Why did you decide to become a GP?
Being a GP appealed to me because I get a real chance to be a generalist, I can do obstetrics and paediatrics and other areas of medicine.
I also liked the way the training works – there were family reasons, as I have a child and a husband who is a doctor as well.
What did you enjoy about rural GP training, and now as a rural GP?
I’ve worked overseas with rural communities in outreach programs, including to remote villages and nomads in the Jordan Valley. I enjoyed the work and found it very fulfilling.
Training in rural practice I learned a lot. I enjoy the fact that in rural general practice we have a wider scope of practice.
I really enjoy Armidale. I love the weather – the cold winters!
Despite the fact Armidale is considered rural it has a cosmopolitan feel, with the variety of people from ethnic backgrounds. Being part of a smaller community and being able to become part of the community is very special.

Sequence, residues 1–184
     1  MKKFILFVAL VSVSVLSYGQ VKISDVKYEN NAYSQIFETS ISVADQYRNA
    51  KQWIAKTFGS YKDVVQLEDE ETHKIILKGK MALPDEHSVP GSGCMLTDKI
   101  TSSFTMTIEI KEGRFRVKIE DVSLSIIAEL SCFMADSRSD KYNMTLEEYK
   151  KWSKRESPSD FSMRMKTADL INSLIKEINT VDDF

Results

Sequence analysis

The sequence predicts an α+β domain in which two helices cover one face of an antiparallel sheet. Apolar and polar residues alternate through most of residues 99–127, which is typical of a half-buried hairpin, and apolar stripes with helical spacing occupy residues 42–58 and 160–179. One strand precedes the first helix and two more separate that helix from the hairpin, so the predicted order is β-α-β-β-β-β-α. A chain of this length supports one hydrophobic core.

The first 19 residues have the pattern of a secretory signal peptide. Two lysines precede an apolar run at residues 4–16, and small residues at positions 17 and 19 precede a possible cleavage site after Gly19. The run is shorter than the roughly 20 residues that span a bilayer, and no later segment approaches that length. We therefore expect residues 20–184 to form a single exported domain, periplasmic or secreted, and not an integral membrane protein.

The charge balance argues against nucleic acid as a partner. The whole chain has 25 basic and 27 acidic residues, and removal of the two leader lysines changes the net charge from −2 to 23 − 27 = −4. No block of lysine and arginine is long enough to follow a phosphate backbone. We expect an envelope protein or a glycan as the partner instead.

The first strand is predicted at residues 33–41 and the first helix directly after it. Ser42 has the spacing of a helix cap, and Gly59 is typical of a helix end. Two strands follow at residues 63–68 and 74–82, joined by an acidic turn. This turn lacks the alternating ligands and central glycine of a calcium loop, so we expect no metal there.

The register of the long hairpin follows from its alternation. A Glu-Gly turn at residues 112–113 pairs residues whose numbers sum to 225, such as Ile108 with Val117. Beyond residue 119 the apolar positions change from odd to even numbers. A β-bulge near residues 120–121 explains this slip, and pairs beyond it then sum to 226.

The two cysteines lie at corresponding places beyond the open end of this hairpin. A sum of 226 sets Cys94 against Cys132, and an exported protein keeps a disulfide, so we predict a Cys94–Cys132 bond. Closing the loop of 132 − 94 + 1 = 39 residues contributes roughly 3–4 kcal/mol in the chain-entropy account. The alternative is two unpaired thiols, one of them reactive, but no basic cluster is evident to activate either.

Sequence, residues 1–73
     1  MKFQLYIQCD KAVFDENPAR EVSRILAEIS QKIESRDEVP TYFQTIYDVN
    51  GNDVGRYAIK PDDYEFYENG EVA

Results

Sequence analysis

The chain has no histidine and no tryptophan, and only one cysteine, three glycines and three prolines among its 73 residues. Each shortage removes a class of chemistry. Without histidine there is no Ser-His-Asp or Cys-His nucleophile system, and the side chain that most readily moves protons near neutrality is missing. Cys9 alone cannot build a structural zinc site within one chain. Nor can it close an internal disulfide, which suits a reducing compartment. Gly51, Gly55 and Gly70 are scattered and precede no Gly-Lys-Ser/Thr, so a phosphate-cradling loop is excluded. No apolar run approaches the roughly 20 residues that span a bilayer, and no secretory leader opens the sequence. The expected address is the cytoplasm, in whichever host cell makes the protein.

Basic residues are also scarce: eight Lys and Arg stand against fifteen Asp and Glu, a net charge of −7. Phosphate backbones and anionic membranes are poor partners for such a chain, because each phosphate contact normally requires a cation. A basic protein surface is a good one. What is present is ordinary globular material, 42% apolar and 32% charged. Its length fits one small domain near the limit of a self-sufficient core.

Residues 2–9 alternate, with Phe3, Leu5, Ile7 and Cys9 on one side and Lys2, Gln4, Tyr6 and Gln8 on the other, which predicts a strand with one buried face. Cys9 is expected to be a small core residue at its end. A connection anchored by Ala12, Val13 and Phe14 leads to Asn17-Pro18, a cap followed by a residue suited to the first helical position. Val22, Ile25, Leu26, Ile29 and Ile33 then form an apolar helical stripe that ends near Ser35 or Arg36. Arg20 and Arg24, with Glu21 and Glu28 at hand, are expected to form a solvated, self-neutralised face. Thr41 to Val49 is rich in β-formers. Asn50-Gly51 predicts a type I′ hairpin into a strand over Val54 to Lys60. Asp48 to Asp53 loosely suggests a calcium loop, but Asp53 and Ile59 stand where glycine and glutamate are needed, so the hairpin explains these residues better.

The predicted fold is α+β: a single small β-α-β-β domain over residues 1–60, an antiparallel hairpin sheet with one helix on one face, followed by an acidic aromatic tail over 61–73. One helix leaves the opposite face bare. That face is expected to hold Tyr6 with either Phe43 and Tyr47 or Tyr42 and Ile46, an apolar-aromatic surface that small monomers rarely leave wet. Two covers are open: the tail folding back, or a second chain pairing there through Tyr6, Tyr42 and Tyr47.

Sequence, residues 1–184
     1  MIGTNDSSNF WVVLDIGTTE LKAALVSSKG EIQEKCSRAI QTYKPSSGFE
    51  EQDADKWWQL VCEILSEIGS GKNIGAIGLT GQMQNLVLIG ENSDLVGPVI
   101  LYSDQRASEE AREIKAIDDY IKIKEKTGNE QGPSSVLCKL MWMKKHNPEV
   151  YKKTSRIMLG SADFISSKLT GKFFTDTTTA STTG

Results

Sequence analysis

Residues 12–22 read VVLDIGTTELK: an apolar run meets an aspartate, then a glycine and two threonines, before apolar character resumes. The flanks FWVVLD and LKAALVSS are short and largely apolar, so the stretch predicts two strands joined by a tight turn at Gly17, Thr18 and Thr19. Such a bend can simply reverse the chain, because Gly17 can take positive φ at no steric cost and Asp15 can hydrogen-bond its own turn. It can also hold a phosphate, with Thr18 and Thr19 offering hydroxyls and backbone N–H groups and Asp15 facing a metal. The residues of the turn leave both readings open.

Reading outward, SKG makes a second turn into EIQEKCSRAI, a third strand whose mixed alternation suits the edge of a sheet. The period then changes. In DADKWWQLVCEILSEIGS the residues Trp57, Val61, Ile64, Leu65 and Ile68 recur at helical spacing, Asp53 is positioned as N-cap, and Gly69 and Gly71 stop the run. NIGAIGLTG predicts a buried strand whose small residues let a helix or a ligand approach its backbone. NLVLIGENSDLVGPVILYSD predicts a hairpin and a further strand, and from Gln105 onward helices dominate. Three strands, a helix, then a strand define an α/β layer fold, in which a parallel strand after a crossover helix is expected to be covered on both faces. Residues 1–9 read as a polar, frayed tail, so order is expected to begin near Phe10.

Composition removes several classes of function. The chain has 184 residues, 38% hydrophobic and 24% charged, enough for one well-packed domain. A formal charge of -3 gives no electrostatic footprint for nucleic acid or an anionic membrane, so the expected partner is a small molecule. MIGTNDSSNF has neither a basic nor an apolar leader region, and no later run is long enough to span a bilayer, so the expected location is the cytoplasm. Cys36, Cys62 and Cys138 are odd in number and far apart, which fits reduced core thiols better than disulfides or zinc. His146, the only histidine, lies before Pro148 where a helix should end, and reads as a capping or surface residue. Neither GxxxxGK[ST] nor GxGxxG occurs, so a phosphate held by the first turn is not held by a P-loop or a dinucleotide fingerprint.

Tell us about your work in an Aboriginal Community Controlled Health Service.
I trained here for a year – I’m now a fully qualified GP and I was offered an extension to stay on.
I really enjoy, and admire, the comprehensive aspect of healthcare here. We try to provide everything on site, so we’ve got mental health programs, drug and alcohol programs, GP consultations, podiatry and dietitian consultations, and a dental clinic. There are a lot of services to utilise that will eventually help to close the gap.
It’s been really good to build trust with patients and to have my own clients.
I’ve already started some outreach community programs – we are working on school screening for kids, screening at PCYC programs like boxing, and other community sporting events. We take the opportunity to be there and offer health screening and other health promotions.
We can also now do hearing assessments ourselves, we have nurses and health workers who are fully trained to do that.
It’s all very exciting!